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12-Gauge Buckshot for Home Defense: We Shoot Nineteen

In gearing up for this test, the project seemed simple at first. The logistics of collecting shotguns, shells, targets, and a measuring tape seemed simple. We cannot test every shell on the market, but we could test a range of buckshot sizes to gauge their performance. Then we would fire at the target for pattern […]

First Look Video: New and Old Colt Pythons

The Colt Python is back, and more than a few Gun Tests readers have requested a face-off between the new Pythons and the original...

2020 Guns & Gear Top Picks

Toward the end of each year, I survey the work R.K. Campbell, Roger Eckstine, Robert Sadowski, David Tannahill, Tracey Taylor, and John Taylor have done in Gun Tests, with an eye toward selecting guns, accessories, and ammunition the magazine’s testers have endorsed. From these evaluations I pick the best from a full year’s worth of […]

What About Henry’s AR-7 Rifle?

Re “Go-Bag Rimfire Rifles from Savage, Ruger, and KelTec,” September 2020 Hi, I’m a longtime subscriber and want to thank you for doing such great work over the years. Regarding the article on 22 takedown rifles in the September 2020 issue, I wish you had included the Henry AR-7 Survival Rifle in your comparison. Might […]

First Look Video: Ruger-57 16401 5.7x28mm, $749

Gun Tests staffers are currently testing a Ruger-57 chambered in the 5.7x28mm round for the October 2020 issue of the magazine. The 57 is...

Gun Tests Ammunition Comparisons

Here's a compilation of head-to-head ammunition testing conducted by Gun Tests magazine.

Over-the-Counter Exotics from Mossberg and Century Arms

Pistol-arm braces for AR and AK pistols have been one of the more controversial issues in the shooting industry and public for the past...

Smith & Wesson 638 Bodyguard .38 Special +P

The name Bodyguard has to be one of the all-time classic names for a self-defense gun. Certainly this Smith & Wesson design has been with us a long time, and in many ways it should be considered an unsung hero among the latest super-light firearms, mainly because it did so much so well.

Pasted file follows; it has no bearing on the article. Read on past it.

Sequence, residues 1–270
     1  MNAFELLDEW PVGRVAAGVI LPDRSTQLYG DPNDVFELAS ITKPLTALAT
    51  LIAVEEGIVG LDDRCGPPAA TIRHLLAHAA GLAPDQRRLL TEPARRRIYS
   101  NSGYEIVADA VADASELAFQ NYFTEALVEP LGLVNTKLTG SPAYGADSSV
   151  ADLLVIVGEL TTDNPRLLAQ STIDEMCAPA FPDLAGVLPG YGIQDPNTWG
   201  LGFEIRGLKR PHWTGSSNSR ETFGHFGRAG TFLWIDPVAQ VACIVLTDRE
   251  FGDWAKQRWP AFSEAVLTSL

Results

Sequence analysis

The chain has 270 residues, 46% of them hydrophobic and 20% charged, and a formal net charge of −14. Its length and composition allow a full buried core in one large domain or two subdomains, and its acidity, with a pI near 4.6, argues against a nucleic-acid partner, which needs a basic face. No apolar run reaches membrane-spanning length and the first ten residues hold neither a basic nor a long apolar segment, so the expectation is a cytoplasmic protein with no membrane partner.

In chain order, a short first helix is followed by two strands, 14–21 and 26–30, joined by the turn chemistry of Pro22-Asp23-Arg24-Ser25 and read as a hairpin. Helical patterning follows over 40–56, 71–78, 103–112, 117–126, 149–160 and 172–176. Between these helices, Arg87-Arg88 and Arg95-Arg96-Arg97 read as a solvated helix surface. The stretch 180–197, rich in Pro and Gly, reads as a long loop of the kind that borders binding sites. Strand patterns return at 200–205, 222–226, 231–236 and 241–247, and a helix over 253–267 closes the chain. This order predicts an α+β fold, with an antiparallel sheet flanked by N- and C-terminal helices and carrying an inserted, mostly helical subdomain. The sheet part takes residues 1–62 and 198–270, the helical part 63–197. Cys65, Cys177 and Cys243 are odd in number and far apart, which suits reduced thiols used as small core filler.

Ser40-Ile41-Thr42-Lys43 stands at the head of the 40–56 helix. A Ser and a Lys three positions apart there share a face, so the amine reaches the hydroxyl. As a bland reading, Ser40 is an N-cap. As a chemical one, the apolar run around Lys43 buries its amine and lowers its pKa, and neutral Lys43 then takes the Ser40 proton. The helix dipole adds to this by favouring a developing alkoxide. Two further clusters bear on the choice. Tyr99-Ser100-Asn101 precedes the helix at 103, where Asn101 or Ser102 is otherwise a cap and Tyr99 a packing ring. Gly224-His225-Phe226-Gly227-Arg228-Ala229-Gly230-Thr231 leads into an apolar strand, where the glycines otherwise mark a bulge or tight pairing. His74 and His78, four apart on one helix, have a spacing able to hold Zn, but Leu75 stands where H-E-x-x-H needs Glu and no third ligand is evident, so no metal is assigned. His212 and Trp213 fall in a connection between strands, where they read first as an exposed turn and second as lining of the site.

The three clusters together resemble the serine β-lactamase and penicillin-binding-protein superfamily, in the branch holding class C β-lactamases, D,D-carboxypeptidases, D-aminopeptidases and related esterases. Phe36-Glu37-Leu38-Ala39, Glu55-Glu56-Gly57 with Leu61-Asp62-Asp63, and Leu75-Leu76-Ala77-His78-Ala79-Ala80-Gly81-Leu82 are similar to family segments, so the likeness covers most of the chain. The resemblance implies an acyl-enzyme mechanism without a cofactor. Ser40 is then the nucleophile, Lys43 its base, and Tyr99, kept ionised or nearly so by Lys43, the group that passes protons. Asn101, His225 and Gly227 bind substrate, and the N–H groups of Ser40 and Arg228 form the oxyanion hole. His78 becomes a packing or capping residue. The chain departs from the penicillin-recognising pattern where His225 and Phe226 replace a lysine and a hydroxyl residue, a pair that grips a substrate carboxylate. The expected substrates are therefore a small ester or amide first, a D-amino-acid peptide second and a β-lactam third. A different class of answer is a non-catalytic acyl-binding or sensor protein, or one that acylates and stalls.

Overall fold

Bersa Firestorm .380 ACP, $307

Back in April 2006 Gun Tests magazine tested three .380 ACP pistols, one of which was the Walther PPK, as made here in the U.S. under license by Smith & Wesson. They loved the well-built little PPK, even though it had to go back for rework before they gave it a clean bill of health. It had failed in DA shooting, but a stiffer spring gave it the equivalent of their Grade A appraisal. They recently found a gun that looked a lot like the PPK, the FireStorm by Bersa ($307 MSRP), from Argentina. Here's what they found.

Kimber Eclipse Target II 45 ACP, $1393

We compared two full-size 1911 handguns in the June 2013 issue to see which model offered the most bang for the buck. This Personal Defense test pitted two pistols of disparate price points to see if the less expensive model offered enough to consider it versus a fully equipped modern handgun. Tested were the Rock Island Armory Standard GI No. 51421 45 ACP, $410; and the Kimber Eclipse Target II 45 ACP, $1393. Here's an excerpt of that test.

Colt Trooper Mark III .357 Magnum

The Colt Trooper was made from 1953 to 1969. The Trooper Mark III superceded the Trooper and had a redesigned lock mechanism. It was manufactured from 1969 to 1983 in blue and nickel finish with 4-, 6-, and 8-inch barrel lengths. An owner's manual can be obtained by calling Colt at (800) 962-2658. The Trooper III in our test was made in 1974.

The Colt Trooper Mark III is for all practical purposes the working man's Python. Sound good? It features a serrated front sight pinned in place. The rear sight is fully adjustable, and it should be more durable than similar designs since the rear notch moves back and forth inside a protective frame. While adjustment for elevation is clockwise for down and counter-clockwise for up, the windage adjustment is reversed. Turn it to the right if you want the point of impact to move left, and turn left to bring the POI to the right.

Another feature is the direction in which the cylinder rotates. While other revolvers move counterclockwise, expecting a Colt to go bang requires the first round to be in the 11 o'clock position prior to cycling. Also, to release the cylinder one pulls rather than pushes on the latch.

3rd Circuit Rules for Wal-Mart Stocking AR-15s

In a review of a recent court case, the Third Circuit Court of Appeals has released its full opinion in the case of Trinity Wall Street v. Wal-Mart, and it's a victory for the giant retail chain's ability to sell the firearms it wishes to sell.

At issue was whether Wal-Mart improperly excluded from 2014 proxy materials the church's shareholder proposal to require the corporation's board of directors to have standard-capacity AR-style rifles removed from the…

Miller v. Bonta Decision

Click the link below to see the entire Miller v. Bonta decision referenced in the August 2021 Downrange editorial. gov.uscourts.casd.642089.115.0_1